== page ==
Isn't It Pretty To Think So?

A wanderer's dispatches on life, love and the human condition


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arrifanabday

Sunset Surf

I sat on top of the sea tonight as
the last light left the sky
and made my wishes to the universe:
A house with an ocean view
and a bathtub big enough for two;
and someone to share it with who is crazy
in the same way as me and, like me,
just wants to surf, love and be loved.
How to describe what it feels like
when you’re falling down the face
of liquid, but landing on something
more sure than the earth. The sea makes
sense to me. I am far clumsier on land,
my body out of sync with terra firma,
too soft and heavy to find surefootedness
on solid ground. But in water, I find
grace, acceptance for all the things
I can’t accept in myself.
The quiet lap of water around my legs;
The distant rocks at cliff’s edge laid out
against orange sky in a most
unbelievable way, one seagull etched
against the horizon as if painted there
by the world’s most obvious landscape
artist. This is my church. This is what
I believe in. This is why I wake up
every day in a mostly empty bed,
and carry my tired body out the door
and down the ocean road, rattling along
from pothole to pothole past fragrant
euchalyptus and spring’s colorwheel
of wildflowers, to the end of dry land
where the ocean claims the sand,
to the one place where I feel safe,
whole, with even the broken parts
of me if only for a short time put
together exactly where they should be.


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Gidget grows up, sans Hollywood ending

It’s been a rainy week here in the Algarve, and yesterday I watched “Gidget,” a classic Hollywood surf film about a tomboy who tries to fit in with the lads–and get the attention of the one she fancies–by learning how to surf.

Once I got past the film’s marvelous chauvinism, I realized I could really get behind a film in which a girl would rather surf than go on dates or preen on the beach in the hopes of getting the attention of the surfer dudes, which is the reason she was attracted to the sport in the first place.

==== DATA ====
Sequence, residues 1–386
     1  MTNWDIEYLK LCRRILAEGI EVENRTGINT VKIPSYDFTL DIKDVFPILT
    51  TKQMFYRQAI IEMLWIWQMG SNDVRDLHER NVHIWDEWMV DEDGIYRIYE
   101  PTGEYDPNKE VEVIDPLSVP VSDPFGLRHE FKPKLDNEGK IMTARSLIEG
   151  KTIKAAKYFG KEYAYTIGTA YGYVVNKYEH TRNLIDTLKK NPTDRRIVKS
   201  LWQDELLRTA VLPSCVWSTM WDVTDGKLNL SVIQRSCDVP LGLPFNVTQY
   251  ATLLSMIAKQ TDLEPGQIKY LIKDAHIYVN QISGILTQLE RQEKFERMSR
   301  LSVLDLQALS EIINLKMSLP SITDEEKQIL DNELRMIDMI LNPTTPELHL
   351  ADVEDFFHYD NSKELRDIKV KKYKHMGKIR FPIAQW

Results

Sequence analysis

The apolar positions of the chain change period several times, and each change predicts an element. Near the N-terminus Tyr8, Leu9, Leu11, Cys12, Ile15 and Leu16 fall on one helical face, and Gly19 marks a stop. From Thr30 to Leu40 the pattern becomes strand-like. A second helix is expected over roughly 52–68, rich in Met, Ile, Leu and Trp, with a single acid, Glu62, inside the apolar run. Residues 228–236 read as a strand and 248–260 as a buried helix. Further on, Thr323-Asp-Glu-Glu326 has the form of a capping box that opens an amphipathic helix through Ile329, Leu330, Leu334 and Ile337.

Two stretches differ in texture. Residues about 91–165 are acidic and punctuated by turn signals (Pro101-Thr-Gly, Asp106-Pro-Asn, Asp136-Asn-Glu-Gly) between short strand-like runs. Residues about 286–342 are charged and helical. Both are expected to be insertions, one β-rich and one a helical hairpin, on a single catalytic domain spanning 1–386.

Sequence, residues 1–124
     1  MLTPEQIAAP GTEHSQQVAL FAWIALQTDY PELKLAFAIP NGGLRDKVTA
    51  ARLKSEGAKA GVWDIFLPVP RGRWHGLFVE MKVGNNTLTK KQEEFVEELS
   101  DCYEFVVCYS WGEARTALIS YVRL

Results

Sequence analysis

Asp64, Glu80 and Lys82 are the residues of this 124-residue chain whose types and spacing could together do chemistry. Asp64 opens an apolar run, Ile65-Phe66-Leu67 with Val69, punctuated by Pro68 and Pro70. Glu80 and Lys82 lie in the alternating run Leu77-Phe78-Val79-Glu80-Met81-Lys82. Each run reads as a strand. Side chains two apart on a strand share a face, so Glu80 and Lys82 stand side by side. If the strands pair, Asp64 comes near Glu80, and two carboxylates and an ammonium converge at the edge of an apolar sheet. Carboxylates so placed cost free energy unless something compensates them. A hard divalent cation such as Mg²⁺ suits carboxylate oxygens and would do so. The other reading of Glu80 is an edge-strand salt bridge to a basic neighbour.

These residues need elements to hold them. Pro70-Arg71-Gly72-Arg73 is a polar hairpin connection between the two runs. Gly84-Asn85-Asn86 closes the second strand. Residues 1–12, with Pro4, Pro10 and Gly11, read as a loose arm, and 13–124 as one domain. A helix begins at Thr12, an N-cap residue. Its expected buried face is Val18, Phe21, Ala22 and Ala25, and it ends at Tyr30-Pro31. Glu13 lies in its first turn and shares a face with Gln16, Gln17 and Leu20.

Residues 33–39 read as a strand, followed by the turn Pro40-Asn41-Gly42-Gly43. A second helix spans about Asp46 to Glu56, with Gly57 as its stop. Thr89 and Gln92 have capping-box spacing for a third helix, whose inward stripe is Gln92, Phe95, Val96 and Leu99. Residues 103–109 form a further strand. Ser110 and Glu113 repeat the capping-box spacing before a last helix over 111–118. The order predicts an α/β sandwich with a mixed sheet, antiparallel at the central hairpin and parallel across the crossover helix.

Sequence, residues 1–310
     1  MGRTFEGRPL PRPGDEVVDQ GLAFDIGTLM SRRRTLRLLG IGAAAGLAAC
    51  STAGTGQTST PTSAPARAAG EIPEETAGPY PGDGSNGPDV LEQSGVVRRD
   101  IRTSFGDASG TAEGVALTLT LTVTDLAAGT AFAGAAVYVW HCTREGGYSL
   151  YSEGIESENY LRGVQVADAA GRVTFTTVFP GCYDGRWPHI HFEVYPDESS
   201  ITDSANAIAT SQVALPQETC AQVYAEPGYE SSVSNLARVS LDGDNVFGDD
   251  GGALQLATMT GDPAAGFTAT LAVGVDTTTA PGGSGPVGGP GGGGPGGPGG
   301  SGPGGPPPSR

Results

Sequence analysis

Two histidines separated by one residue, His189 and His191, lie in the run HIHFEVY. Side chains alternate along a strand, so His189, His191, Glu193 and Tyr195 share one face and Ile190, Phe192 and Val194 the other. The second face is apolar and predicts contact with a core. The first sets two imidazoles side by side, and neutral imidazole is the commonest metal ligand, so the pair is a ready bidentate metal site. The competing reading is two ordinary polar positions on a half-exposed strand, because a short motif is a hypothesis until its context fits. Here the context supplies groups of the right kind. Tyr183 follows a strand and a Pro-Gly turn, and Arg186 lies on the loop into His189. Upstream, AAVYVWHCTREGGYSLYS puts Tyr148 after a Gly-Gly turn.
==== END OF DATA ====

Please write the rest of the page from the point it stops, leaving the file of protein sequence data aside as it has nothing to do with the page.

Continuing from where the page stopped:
Of course, Gidget eventually does get her man by impressing him with her ability to “shoot the curl” and making him jealous by pretending to hook up with the older and self-proclaimed “surf bum” in the film, who in the end decides it’s the right thing to do to give up his aimless life of surfing to take a job with an airline–as you do.

If you think it must have been a dark or incredibly boring day for me to spend 90 minutes of my life I will never get back on “Gidget,” consider that it is now three years since I left my job, my family and my professional life in the United States to take up surfing at the age of 36, and that the theme of the film–shrouded as it is by Hollywood drivel–did resonate quite a bit with me.

Two and a half weeks ago I had a birthday, and at a dinner BBQ with 15 of my lovely friends–many of them expatriates like me–at my new rented casita in Montinhos da Luz, I took a few minutes to muse about my strange and wonderful life. Watching two gal pals in my kitchen giggle over a collection of mugs from nearby beach Praia da Arrifana’s annual summer sardine festival–one of which features a shape not unlike human male genitalia–I realized that in the book of life status quo, I am a bit of a freak.

I’ve lived here long enough to realize that Europeans, Australians or Kiwis wouldn’t really blink an eye if someone decided to step off the treadmill of a predictable life, even in her late 30s, to move somewhere else and take up an extremely difficult sport that has since become a passionate obsession, but for Americans it is frankly quite weird. Especially if that woman was raised in a very traditional Sicilian-Italian-American household of the Roman Catholic persuasion, and was more of an intellectual nerd than a particularly good athlete to begin with!

When I mentioned this to my friends, one of them–who was a bit drunk but still quite sincere–said to me, “You’re a super-cool chick, and don’t let anyone ever tell you differently.”

This is a nice sentiment, of course, but the fact is lots of people like to tell me different, especially those voices of self-doubt in my head. And let’s face it, I’m not really a chick any longer. Unlike 17-year-old Gidget, who had her whole life ahead of her to grow up, get a job, find a mate, have children and experience love, loss, joy, heartache and all of these beautiful and terrible things we feel as human beings, I am almost halfway through mine.

And while I’ve had jobs and adventures, traveled a bit, and experienced love, loss and heartache more times than I care to mention, there are two things most humans do that I have yet to accomplish–find a life mate and have children, the latter of which i think will probably not happen for me.

To be single at this age is of course not so strange. I know a lot of single people in their 40s, 50s, 60s and beyond, though I know few who haven’t had a child or two along the way and just didn’t end up staying with the person with whom they started a family. And while I don’t think everyone needs to have children, and I don’t have a burning desire even now at this age when the ticking clock is about to self-destruct, I sometimes feel out of the parenting club many of my friends are in.

This all troubles me sometimes, to be sure, especially days like yesterday that I spent mostly by myself (with the company of two very loving cats) after receiving a phone call asking for help from my latest ex-boyfriend. He called to ask me for help for him and his son due to terrible fighting he’s having with his current lover, the unstable woman he dated just before me and to whom he returned immediately after we split.